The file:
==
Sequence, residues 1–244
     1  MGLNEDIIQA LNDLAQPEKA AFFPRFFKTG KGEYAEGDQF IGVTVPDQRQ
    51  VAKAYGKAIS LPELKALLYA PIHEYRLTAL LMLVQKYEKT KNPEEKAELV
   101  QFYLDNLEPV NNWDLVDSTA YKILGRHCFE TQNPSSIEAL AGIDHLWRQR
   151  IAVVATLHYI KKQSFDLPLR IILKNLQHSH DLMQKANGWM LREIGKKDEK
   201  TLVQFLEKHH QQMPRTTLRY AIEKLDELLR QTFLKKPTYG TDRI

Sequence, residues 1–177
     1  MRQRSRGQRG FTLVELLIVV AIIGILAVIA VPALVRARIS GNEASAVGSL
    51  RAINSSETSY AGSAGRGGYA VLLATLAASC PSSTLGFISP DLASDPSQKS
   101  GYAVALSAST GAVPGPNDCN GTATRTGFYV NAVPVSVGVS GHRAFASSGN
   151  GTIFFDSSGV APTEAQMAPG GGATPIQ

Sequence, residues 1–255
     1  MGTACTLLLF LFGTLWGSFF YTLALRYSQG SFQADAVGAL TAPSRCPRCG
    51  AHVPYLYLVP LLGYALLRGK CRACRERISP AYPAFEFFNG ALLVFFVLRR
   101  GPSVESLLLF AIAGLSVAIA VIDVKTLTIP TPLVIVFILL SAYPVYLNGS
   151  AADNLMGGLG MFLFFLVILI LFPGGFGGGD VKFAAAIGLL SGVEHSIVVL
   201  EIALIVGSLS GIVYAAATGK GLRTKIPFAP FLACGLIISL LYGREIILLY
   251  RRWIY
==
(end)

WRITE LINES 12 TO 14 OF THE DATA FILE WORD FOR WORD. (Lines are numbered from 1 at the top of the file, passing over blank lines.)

Sequence, residues 1–255
     1  MGTACTLLLF LFGTLWGSFF YTLALRYSQG SFQADAVGAL TAPSRCPRCG
    51  AHVPYLYLVP LLGYALLRGK CRACRERISP AYPAFEFFNG ALLVFFVLRR